Humanizing Corporate Responsibility

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Alongside tables charting revenue growth and asset management, glossy corporate reports now tally their ecofriendly, community-minded ventures, known collectively as corporate social responsibility (CSR). There’s a dark side to all this warm and fuzzy commerce, however: It is giving conscientious investors license to relax just as multinationals are becoming more powerful players on the global stage, which has increased their capacity to violate human rights. 

Consider a few of the recent abuses outlined in Multinational Monitor’s “The 10 Worst Corporations of 2007” (Nov.-Dec. 2007): Abbott Laboratories has withheld much-needed pharmaceuticals from Thailand to punish the government for approving generic AIDS drugs; Blackwater Worldwide’s soldiers-for-hire wreak havoc on innocent Iraqis with impunity; and in Colombia, Chiquita hired a right-wing paramilitary group to protect its banana plantations.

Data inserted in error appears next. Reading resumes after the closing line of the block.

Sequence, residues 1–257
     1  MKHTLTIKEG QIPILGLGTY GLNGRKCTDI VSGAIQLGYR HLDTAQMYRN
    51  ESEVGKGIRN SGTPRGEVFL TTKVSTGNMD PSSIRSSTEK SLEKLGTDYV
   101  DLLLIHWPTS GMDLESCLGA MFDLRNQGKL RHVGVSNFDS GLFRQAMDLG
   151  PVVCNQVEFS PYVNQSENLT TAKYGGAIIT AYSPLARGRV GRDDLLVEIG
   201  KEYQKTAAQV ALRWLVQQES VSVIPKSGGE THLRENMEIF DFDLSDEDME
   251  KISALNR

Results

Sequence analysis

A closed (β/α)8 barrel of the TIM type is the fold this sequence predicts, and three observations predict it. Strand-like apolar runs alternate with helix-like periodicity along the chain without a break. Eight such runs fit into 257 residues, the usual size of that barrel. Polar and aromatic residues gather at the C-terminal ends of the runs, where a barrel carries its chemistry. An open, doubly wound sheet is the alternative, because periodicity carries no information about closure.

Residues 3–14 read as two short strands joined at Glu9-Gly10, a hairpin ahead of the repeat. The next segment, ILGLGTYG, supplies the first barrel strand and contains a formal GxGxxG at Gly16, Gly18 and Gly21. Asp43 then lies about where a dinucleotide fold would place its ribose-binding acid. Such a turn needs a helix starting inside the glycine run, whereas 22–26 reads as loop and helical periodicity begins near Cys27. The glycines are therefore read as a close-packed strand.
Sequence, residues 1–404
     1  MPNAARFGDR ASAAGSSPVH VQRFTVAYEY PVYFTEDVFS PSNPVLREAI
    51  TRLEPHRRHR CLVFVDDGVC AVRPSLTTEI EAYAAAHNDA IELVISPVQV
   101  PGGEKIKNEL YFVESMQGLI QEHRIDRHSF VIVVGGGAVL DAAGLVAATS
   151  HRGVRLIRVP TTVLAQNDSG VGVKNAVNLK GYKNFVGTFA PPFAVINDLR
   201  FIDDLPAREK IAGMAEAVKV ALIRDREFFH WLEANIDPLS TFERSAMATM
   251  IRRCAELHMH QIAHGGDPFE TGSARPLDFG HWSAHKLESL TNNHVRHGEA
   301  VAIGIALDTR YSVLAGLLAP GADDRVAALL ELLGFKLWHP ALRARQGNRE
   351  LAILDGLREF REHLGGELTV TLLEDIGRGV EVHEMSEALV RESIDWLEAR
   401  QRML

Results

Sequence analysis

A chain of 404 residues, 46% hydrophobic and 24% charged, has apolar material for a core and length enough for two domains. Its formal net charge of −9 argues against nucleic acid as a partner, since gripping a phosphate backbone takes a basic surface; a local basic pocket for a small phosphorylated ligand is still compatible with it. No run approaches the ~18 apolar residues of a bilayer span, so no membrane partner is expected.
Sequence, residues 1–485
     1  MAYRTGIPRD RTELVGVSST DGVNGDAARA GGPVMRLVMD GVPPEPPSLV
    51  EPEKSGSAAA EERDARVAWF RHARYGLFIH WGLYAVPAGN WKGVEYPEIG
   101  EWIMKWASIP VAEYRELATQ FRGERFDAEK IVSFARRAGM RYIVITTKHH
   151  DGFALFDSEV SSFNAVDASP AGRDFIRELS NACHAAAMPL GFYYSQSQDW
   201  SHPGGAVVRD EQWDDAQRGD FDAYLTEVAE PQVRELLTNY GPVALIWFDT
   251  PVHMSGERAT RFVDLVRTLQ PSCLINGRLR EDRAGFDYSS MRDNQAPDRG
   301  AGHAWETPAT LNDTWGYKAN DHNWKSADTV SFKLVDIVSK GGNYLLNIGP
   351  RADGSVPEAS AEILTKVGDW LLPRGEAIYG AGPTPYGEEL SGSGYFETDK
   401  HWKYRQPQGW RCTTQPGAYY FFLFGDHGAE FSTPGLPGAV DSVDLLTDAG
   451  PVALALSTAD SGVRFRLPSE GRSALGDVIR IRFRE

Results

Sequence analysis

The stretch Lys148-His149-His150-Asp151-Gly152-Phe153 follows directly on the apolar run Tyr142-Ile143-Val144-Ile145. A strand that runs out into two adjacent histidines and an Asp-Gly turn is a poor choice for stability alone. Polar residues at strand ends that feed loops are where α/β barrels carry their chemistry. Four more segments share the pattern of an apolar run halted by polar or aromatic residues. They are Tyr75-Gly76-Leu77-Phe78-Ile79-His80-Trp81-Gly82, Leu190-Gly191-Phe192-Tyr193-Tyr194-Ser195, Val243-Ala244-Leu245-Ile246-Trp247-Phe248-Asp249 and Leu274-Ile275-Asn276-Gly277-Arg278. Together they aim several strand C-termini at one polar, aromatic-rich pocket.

What is needed is not more CSR initiatives, argues China Rights Forum (No. 1, 2008), but grounded action within the long-standing framework of international human rights. A recent effort by the U.N. special representative of the secretary-general for business and human rights is calling on countries to protect citizens from corporate abuses and create remedies for violations. China Rights Forum also encourages companies to recognize the International Bill of Rights, consider human rights in their risk and impact assessments, and tap “third-party experts to assess their policies and practices.” To track companies’ exploits on your own, visit the Business & Human Rights Resource Centre (www.business-humanrights.org), where you can see which businesses have signed human rights statements and sign up for free weekly updates.